We identified 24 CRC prognostic models for metastasis (n = 12) and recurrence (n = 12). The majority of risk prediction models applied an average of four to five predictor variables. The most commonly used predictors were clinic-histopathological (cancer stage, lymph node status) and demographic (gender, age) parameters. Seven models were validated internally and eight in external datasets, but none of the identified models conducted any impact studies. As for model presentation, the majority of models were nomograms (graphical prediction models), and the remaining models were presented as formulae, risk scores, and calculators.
In our cross-assessment, we investigated whether the identified prediction models had employed influential risk factors (those presented convincing evidence or with 3-fold change in the odds of the outcome) when they predicted the same outcomes as those that were evaluated in the umbrella review. Across 12 CRC metastasis risk prediction models, five models [22, 23, 25, 28, 29] were on the same outcomes (LNM in pT1 CRC, LNM in CRC, hepatic metastasis in CRC, and distant metastasis in CRC), with only two [22, 28] of these models (on LNM in pT1 CRC) including predictors also evaluated in the umbrella review. However, the models’ calibration was poorly reported, which made it difficult to assess the models’ predictive accuracy. Furthermore, one model  was externally validated to ensure the model’s applicability and generalizability, while the remaining one  did not undergo adequate validation to address its potential overfitting. In addition, the remaining three models [23, 25, 29] predicting LNM and DM in CRC applied other risk predictors such as cancer stage, CEA, and alkaline phosphatase (ALP) that were not evaluated in the umbrella review. We suggest that risk factors with strong associations with CRC prognosis, such as circulating tumor cells and microsatellite instability, should be employed following evidence-based methods.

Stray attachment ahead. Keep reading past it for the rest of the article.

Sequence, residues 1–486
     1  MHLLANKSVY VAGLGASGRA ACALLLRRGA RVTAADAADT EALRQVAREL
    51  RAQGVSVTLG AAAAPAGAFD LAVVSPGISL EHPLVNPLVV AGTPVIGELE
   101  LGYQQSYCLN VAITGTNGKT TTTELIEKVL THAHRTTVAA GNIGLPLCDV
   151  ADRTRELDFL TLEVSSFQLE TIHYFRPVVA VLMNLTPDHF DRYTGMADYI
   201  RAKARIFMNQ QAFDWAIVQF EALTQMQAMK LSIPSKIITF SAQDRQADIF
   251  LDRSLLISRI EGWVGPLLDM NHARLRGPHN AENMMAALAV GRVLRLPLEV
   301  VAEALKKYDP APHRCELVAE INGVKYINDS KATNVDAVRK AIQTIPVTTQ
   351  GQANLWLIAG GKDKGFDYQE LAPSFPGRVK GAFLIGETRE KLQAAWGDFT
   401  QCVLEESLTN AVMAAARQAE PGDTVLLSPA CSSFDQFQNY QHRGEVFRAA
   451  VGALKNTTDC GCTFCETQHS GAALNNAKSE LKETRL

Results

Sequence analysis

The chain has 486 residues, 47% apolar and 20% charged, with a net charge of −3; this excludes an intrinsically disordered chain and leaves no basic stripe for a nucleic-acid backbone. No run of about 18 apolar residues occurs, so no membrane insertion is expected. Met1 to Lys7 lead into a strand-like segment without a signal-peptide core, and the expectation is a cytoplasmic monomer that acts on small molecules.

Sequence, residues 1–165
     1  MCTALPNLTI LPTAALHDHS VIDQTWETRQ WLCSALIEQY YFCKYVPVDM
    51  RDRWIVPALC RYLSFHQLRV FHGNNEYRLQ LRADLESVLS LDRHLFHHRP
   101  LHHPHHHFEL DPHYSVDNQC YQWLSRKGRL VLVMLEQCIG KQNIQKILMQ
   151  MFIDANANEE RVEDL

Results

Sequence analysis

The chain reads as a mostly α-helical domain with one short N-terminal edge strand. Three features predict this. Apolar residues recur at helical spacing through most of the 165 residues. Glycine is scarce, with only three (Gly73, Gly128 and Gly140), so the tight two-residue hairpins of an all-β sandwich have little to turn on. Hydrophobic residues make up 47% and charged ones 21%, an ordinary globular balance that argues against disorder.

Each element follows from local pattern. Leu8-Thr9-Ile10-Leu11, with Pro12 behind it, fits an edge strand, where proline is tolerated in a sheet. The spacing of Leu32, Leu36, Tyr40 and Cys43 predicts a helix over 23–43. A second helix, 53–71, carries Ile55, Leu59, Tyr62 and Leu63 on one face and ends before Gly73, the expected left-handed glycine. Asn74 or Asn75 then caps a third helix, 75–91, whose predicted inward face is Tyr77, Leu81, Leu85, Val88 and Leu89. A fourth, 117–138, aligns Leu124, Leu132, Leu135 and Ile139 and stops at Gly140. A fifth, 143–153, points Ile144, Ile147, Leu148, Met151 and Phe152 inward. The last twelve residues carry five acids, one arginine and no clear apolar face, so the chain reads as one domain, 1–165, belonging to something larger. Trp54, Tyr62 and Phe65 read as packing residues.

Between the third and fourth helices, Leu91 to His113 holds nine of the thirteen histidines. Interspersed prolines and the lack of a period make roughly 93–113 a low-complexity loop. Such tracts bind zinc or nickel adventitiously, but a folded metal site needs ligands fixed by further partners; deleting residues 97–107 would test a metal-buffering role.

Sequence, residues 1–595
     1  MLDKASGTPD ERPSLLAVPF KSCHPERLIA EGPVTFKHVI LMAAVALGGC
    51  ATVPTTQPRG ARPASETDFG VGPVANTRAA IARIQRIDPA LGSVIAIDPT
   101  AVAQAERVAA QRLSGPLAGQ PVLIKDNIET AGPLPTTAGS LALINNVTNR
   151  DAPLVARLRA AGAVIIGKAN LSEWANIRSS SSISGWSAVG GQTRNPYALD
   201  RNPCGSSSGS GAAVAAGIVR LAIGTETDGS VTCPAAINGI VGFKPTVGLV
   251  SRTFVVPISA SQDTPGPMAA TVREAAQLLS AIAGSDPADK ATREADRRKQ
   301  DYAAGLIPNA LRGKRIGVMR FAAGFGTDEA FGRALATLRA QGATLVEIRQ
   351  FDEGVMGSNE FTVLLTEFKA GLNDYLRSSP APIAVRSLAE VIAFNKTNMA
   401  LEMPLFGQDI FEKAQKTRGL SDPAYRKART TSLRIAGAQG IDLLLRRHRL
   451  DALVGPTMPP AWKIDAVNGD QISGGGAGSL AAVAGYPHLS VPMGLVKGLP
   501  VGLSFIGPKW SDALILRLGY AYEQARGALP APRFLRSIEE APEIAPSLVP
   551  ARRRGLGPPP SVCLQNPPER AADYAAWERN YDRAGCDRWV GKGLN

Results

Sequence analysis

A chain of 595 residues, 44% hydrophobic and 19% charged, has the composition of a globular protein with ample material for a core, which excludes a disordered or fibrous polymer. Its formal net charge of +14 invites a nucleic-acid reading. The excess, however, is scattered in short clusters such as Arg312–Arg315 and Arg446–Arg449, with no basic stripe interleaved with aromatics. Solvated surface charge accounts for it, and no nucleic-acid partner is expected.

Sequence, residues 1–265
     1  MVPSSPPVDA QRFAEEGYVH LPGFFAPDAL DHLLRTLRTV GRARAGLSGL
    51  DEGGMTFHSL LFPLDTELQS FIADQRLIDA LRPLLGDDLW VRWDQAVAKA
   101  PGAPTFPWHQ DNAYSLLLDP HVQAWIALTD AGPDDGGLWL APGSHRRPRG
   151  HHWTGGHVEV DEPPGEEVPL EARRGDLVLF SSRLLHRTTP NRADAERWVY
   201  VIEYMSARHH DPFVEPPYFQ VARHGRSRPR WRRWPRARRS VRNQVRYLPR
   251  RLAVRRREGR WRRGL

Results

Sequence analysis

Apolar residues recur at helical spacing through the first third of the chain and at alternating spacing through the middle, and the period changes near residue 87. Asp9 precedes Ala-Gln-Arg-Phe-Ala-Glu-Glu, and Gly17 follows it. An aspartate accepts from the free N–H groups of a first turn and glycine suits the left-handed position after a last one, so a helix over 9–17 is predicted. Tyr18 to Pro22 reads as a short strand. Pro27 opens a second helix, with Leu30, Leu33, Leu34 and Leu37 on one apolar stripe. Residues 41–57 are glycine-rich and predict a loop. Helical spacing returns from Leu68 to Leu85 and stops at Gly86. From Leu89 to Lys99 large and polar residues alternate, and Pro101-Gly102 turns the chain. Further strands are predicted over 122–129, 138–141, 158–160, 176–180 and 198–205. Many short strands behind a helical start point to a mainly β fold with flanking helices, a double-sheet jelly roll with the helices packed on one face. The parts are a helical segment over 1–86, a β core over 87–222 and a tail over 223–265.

Across the 12 CRC recurrence risk prediction models, only one model  was on an outcome that was also evaluated in the umbrella review (overall recurrence in CRC). Unfortunately, we did not find overlapping risk factors/predictors. We recommend tumor budding and absence of peritoneal free tumor cells in post-resection (≥ 3-fold change in the odds of the outcome) to be considered as predictors.
Clinical implications and future research
Identifying and evaluating risk factors with substantial predictive value is of great clinical importance. Major clinical decisions are made taking into account expectations and formal or informal predictions about major outcomes. Accurate and valid risk prediction could assist with clinical decision-making in relation to the extent and mode of surgery and therapy. Ideally, adjuvant treatment would be targeted with precision to those most likely to benefit; those most at risk of CRC metastasis/recurrence may also have a higher absolute probability of benefit. The majority of patients do not benefit from additional therapy aimed at preventing locoregional or distant relapse before or after surgical resection, and yet they may be exposed to the attendant morbidity, cost, and false expectation of such therapy. Therefore, accurate and valid risk prediction which could impact clinical decision-making is crucial. In summary, this umbrella review provides an evidence classification that could help clinicians to judge the relative priority of risk factors/predictors’ impact on CRC prognosis and make clinical decisions based on more accurate and valid risk prediction.